If you feel that you are being bullied at work, there are several options open to you. However, if you have been employed for less than 2 years, you need to be wary in this area because unless the bullying can be construed as discrimination, if your employer responds to any complaint by dismissing you, you may not have a claim or any remedy available.
Bullying at work
Bullying can take many forms and can in some cases be extreme and amount to a criminal offence if you are for example being racially abused or assaulted or subjected to a sustained campaign of abuse or stalking.
If the bullying is perceived by you as relating to one of a number of protected characteristics, this can constitute discrimination and / or victimisation. There are 9 protected characteristics and these include sex, race, age, disability, sexual orientation and religious belief. Being abused or bullied or taunted at work because of one of these characteristics is unlawful and as such, you would be protected.
In the first instance, you should make it quite clear that you object to the behaviour complained about and speak to the person who is responsible namely the perpetrator or the bully. If this does not result in a change of behaviour, you should report it to your employer. In larger organisations, there will be an HR department or person who is responsible for dealing with such matters and there may be a written policy contained in an employment handbook or referred to in your contract of employment. This might otherwise be called a grievance procedure. Some policies specifically deal with alleged harassment and victimisation and you should address your complaint in writing (by email or letter) to the responsible person.
Once that process has begun, the employer is then under an obligation to conduct an investigation with you and with any witnesses who you name as supporting your case. The employer should then write to you confirming the outcome and if you are not satisfied, you have a right of appeal to a more senior person within the organisation.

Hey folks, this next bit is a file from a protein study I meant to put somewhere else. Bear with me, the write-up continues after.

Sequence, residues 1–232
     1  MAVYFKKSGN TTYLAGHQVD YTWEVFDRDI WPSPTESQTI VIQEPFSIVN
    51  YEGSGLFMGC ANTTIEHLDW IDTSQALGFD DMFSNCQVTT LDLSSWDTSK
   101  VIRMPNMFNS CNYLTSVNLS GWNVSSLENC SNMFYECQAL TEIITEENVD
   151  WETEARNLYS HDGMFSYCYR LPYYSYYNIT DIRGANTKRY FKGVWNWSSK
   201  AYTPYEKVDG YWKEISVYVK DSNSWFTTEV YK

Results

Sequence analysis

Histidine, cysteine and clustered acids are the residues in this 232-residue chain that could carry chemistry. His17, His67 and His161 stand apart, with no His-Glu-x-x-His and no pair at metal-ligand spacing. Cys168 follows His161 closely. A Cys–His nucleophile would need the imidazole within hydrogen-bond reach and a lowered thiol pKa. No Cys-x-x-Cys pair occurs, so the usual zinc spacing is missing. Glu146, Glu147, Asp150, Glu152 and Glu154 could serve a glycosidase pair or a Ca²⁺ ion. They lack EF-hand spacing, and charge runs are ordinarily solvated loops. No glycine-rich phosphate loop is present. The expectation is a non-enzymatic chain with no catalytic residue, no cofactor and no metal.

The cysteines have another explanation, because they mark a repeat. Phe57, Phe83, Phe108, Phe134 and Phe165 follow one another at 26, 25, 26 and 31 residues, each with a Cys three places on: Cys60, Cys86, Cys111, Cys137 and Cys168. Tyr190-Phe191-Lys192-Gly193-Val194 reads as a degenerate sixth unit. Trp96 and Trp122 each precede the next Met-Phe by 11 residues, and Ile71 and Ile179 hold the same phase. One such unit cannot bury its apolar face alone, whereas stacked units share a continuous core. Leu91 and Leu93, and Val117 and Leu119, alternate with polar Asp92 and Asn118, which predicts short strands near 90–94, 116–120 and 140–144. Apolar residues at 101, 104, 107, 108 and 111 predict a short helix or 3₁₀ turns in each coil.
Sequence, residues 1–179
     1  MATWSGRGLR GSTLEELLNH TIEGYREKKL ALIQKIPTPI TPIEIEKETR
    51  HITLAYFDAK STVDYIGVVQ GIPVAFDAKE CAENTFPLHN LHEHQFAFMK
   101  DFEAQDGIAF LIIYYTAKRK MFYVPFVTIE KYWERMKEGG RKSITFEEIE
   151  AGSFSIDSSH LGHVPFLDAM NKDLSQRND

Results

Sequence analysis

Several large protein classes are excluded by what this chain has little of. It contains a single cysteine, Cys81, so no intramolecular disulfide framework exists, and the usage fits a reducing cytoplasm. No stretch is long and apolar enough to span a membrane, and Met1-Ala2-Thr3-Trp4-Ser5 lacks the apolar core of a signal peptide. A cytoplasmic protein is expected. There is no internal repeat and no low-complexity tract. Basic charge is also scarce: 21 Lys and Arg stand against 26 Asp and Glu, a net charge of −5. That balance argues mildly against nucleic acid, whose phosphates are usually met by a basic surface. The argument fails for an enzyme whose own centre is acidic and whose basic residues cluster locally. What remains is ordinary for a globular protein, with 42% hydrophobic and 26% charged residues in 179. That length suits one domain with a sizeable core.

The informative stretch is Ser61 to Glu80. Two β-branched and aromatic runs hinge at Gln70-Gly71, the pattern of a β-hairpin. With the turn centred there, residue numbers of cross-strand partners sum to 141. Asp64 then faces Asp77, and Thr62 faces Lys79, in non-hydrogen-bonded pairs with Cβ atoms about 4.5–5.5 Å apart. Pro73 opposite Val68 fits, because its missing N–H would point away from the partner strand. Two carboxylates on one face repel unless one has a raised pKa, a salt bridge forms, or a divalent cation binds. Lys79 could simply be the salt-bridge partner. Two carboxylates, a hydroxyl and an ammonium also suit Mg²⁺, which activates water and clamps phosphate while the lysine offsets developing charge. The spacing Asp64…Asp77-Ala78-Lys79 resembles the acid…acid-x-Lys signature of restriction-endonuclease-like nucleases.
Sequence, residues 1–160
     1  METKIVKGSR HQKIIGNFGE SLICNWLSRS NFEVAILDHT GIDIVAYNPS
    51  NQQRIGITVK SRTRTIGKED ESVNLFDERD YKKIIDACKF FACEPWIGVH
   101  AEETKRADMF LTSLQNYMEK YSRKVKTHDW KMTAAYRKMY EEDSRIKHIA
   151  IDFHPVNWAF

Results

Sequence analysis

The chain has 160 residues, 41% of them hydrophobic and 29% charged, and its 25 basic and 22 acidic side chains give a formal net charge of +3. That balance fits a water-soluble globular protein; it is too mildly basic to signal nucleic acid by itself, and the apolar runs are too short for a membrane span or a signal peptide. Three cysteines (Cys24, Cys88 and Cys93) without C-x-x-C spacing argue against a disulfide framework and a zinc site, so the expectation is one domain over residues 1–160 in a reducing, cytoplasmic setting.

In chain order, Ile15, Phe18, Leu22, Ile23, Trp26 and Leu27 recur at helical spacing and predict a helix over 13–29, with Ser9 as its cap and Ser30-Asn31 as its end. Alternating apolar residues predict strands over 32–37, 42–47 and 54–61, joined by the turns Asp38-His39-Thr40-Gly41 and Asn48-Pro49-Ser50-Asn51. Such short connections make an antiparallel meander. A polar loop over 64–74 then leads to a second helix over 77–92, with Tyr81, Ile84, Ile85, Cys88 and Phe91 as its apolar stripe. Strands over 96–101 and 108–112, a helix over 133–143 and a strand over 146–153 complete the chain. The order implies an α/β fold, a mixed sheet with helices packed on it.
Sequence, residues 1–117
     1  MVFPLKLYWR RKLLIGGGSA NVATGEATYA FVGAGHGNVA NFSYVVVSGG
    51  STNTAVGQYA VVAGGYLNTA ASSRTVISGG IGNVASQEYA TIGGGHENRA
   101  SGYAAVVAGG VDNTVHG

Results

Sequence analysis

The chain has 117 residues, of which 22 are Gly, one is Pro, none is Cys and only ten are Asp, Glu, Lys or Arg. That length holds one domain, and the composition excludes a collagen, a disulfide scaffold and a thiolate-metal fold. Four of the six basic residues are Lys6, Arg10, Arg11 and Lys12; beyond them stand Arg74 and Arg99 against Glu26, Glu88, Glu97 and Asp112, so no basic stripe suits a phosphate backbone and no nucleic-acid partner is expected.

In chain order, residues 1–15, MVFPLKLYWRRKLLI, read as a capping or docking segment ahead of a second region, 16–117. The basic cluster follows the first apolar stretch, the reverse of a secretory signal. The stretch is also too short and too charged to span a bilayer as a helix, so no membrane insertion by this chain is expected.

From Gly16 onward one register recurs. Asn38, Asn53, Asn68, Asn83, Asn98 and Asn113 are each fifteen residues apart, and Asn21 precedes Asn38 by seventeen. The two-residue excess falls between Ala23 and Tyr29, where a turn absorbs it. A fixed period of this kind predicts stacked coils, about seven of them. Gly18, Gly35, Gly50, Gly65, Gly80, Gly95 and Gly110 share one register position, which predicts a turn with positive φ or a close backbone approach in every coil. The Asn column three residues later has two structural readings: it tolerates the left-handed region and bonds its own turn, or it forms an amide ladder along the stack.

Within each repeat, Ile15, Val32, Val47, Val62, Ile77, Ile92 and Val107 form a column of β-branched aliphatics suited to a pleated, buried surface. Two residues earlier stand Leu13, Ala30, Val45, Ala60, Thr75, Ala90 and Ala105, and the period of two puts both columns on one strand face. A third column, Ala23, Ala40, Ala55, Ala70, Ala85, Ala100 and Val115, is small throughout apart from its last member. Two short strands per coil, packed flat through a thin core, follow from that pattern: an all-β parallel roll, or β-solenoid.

It is important you do not simply resign as if you do, you will not generally have any right to bring a claim unless you have first of all used the grievance procedure. Certainly, any claim for constructive dismissal would be weakened by the absence of the employee using the internal procedure as the employer can simply argue that they were not given the opportunity to address the issue and respond.
With regard to evidence, you should keep a record of incidents and report these as they occur. There is generally a 3 month time limit for bringing claims although this can be extended but it would be safer to report matters sooner rather than later.
- Do not resign
- Do let the bully know their behaviour is unacceptable
- Do speak to your HR person / report to your employer
- Do check your employment handbook
- Do check if the bullying falls under the protected characteristics
Hopefully, this will bring about a solution and an end to the problem and legal action will not be necessary. However, if you are considering legal action, then advice at an early stage is highly recommended in order to improve your chances not only if the matter reaches an employment tribunal but also to negotiate a settlement if you decide that you would rather leave your employment. We have extensive experience of dealing with such matters and negotiating compensation.
I have never had to use a solicitor's services before, I needed to have a redundancy notice reviewed and was unsure where to start. I contacted Winston Solicitors via their website, Paul Grindley contacted me later the same day. The whole process was very straightforward, everything was very clear and Paul was very helpful. I would definitely use Winston Solicitors again in future. Annabel